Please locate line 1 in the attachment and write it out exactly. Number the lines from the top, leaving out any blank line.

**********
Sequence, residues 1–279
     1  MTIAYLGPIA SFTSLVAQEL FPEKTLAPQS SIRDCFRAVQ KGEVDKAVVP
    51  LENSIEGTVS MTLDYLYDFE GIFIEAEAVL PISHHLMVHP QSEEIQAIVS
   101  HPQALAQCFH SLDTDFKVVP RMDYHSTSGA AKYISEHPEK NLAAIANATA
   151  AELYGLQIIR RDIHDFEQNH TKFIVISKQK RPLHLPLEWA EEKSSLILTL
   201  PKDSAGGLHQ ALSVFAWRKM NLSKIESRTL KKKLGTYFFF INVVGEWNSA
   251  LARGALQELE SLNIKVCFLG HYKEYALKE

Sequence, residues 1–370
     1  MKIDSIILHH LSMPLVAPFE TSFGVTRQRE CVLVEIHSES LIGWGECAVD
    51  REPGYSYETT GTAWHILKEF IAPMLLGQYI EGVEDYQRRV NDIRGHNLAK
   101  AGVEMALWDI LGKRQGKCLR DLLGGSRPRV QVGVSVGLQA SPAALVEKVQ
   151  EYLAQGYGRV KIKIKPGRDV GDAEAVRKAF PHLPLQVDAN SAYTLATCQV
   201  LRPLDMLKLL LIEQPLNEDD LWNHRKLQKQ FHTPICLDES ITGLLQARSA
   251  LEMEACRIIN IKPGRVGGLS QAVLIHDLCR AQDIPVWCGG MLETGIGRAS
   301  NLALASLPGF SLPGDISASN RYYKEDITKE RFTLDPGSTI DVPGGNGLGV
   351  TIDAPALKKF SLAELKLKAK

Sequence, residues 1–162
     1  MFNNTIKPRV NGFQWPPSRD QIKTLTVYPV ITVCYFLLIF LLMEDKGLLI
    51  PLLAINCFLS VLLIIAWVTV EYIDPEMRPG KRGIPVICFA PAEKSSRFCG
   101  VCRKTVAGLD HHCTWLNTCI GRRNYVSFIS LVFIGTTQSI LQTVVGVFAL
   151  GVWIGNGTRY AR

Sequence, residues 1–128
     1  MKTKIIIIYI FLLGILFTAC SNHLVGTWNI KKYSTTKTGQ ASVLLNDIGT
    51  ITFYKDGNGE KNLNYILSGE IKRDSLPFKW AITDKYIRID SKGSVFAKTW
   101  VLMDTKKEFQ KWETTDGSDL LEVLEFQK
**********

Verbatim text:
Sequence, residues 1–279